I went to McDonald's near the Spanish Steps just to see the differences from the US fast food joints. It seemed there were more choices for healthier foods even a few years ago. But a hamburger is still a hamburger: Fatty, salty, wasteful of land, grain and water.

Government officials offered this mixed message, hoping the McItaly burger will convince European youngsters "to forget about junk food and choose a healthier and better quality food."

Read more here...Italy critics trash McDonald's nationalist food bid.

Reblog this post [with Zemanta]

February 12, 2010

A brief history of food

Are we heading in the right direction as we RightSize America? Chainleader.com gives us a brief history of restaurants trying to do the right thing.

Calorie Counting: A Brief History

Restaurant chains have been tabulating calories and fat grams since at least the mid-'80s, with varying results. Here are some brief highlights.

2010 Applebee's launches promotion featuring five dishes with 550 or fewer calories in attempt to boost incremental traffic.

2009 The Cheesecake Factory rolls out three salads as part of its Small Plates menu. KFC advertises a 395-calorie grilled-chicken meal for $3.95. Taco Bell promotes The Drive-Thru Diet featuring seven items with fewer than 350 calories.

2007 T.G.I. Friday's introduces Right Portion, Right Price menu featuring two dishes that "contain 500 calories or less and 10 grams or less of fat per serving."

2004 Red Lobster debuts its Lighthouse Menu of items that contain fewer than 500 calories, 15 grams of fat and 750 milligrams of sodium.

2003 Applebee's International and Weight Watchers International enter into exclusive agreement that puts a Weight Watchers branded section on the chain's menu.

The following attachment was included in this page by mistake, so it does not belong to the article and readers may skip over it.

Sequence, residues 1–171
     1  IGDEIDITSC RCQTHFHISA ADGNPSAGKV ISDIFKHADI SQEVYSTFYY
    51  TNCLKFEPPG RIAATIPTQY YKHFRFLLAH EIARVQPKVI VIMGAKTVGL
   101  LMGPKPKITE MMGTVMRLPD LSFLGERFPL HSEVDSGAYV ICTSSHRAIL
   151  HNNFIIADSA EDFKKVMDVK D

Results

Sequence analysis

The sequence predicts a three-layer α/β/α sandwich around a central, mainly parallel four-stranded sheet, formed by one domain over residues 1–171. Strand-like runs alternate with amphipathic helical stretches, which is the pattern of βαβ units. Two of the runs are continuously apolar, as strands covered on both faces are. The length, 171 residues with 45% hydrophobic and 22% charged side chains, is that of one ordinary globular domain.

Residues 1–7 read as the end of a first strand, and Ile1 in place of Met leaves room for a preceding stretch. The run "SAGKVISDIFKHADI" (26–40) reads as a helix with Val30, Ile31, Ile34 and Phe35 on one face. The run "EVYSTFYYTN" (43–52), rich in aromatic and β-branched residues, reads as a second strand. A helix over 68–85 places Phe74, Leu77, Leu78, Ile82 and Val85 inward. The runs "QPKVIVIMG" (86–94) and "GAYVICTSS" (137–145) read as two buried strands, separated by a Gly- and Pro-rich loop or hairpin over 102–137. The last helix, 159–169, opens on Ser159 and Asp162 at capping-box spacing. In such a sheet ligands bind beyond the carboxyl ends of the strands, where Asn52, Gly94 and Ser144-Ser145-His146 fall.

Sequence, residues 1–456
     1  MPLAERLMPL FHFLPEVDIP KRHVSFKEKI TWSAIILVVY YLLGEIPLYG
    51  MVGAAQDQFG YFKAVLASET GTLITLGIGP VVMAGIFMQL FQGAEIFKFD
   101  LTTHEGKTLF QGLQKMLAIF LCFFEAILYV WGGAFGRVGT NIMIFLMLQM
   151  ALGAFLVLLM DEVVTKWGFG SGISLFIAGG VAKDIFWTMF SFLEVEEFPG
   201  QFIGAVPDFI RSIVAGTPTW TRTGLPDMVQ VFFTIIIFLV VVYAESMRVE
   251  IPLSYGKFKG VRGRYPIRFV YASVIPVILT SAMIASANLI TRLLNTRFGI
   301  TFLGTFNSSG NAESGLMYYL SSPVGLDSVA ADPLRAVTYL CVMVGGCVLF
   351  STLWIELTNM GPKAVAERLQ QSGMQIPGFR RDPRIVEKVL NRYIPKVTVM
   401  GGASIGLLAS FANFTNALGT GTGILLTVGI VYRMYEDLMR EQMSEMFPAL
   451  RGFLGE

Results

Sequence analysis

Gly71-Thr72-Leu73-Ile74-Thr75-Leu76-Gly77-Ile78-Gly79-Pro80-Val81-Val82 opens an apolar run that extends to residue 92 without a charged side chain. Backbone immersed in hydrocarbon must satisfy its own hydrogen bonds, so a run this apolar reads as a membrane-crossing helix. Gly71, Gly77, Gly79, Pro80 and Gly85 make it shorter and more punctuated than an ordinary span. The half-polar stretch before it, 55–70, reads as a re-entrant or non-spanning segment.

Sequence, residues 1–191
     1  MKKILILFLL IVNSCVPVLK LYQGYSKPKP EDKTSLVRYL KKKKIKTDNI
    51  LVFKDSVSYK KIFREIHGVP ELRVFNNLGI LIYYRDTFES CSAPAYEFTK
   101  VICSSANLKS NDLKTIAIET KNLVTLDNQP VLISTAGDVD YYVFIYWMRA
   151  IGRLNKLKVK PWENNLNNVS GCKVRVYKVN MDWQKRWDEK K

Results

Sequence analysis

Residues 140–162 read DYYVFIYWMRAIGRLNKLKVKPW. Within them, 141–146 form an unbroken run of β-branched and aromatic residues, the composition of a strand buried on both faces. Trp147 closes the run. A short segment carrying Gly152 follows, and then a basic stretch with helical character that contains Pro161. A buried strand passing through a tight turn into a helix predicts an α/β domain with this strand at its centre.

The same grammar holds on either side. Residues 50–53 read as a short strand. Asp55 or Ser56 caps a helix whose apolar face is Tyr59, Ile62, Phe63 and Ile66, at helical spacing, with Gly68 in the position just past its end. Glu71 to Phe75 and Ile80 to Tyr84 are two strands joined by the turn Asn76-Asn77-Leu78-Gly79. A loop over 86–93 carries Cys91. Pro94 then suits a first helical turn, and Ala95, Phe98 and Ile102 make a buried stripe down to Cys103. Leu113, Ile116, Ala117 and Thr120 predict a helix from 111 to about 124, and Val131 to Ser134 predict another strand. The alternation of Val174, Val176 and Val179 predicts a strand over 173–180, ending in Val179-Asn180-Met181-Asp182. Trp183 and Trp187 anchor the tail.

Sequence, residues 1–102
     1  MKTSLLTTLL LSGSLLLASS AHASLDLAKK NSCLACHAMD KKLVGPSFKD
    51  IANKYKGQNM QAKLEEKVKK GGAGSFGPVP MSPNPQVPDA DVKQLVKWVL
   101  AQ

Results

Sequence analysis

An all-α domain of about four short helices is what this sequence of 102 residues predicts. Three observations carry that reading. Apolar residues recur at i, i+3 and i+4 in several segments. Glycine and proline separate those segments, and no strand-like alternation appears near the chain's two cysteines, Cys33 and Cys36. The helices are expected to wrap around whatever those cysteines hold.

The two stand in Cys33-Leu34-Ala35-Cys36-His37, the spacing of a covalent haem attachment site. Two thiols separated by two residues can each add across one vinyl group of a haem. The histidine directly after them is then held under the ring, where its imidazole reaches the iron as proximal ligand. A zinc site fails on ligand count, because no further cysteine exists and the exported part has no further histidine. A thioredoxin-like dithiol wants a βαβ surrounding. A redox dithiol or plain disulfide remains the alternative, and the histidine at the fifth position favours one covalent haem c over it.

1997 Subway launches its Seven under Six promotion featuring sandwiches with fewer than 6 grams of fat. Jared Fogle, a college student at the time, loses 240 pounds while eating the sandwiches.

1995 Taco Bell rolls out Border Light menu, claiming the Light Bean Burrito, Light Burrito Supreme and Light Seven-Layer Burrito have "up to 20 percent fewer calories."

1992 The Olive Garden introduces its long-running Garden Fare menu. To be included, less than 30 percent of a dish's calories must come from fat.

1991 Burger King reformulates its flame-broiled chicken sandwich to meet a company goal of serving it under 300 calories. "It tastes the same," a BK spokesman claims.

1990 McDonald's debuts the McLean Deluxe, weighing in at just 310 calories with condiments.

1985 Wendy's rolls out a low-calorie menu including a scooped-out tomato half with tuna. The fast-food chain rolls menu back due to poor sales a year later.

Reblog this post [with Zemanta]

February 11, 2010

Jamie Oliver’s Ideas to Reduce Obesity

Jamie Oliver -- the winner of the TEDprize -- has 4 simple ideas for reducing obesity, and they are not the typical ideas.

• Every child in the U.S. should learn to cook 10 meals before leaving high school.

• Supermarkets should appoint “food ambassadors” to explain to customers how they can prepare local, fresh and seasonal foods.

• Food companies should make education a central part of their business.

• Food labeling should be improved to accurately warn people about unhealthy food.

"I wish for your help to create a strong, sustainable movement to educate every child about food, inspire families to cook again and empower people everywhere to fight obesity." -- Jamie Oliver

What do you think? and read more...Jamie Oliver’s Ideas to Reduce Obesity
Reblog this post [with Zemanta]

First victory for Obama

It's not a new health plan, but it will help to make Americans healthier.

From the Wall Street Journal: Pepsi, Coke Support Calorie-Labeling Effort

The beverage industry unveiled new labeling plans that will move the calorie content to the front of their beverage containers by the end of 2012, as part of a wider initiative pushed by First Lady Michelle Obama.

PepsiCo Inc. and Coca-Cola Co. were among those to issue statements supporting the initiative, which will cover vending machines and fountain-drink equipment.
Reblog this post [with Zemanta]

February 10, 2010

Buy all your 2010 veggies today

Today I just bought nearly all my vegetables, potatoes, fruits and herbs for 2010. Or at least I sent my check in.

You see I belong to a CSA, Community Supported Agriculture farm, here in Connecticut. It's the best food choice I ever made. The farm I joined is also organic, so I get the best possible tasting food.